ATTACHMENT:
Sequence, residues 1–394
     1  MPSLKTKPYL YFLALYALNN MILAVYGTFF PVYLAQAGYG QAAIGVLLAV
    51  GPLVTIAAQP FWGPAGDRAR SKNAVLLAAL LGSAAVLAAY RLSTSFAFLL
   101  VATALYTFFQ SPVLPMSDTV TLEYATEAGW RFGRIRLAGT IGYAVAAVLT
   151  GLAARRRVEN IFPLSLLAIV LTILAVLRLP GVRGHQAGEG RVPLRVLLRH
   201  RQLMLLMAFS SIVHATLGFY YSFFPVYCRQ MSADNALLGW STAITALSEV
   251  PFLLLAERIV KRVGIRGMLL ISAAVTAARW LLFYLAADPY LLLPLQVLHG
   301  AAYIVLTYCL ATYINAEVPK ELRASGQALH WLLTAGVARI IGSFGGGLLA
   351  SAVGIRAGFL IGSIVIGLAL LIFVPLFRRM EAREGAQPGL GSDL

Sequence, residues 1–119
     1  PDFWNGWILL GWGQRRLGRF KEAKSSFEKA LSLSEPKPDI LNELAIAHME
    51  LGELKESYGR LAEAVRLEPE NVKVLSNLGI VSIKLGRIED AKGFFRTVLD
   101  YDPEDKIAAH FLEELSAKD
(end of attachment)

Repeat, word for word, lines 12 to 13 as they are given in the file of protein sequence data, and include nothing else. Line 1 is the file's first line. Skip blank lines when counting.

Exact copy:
    51  LGELKESYGR LAEAVRLEPE NVKVLSNLGI VSIKLGRIED AKGFFRTVLD
   101  YDPEDKIAAH FLEELSAKD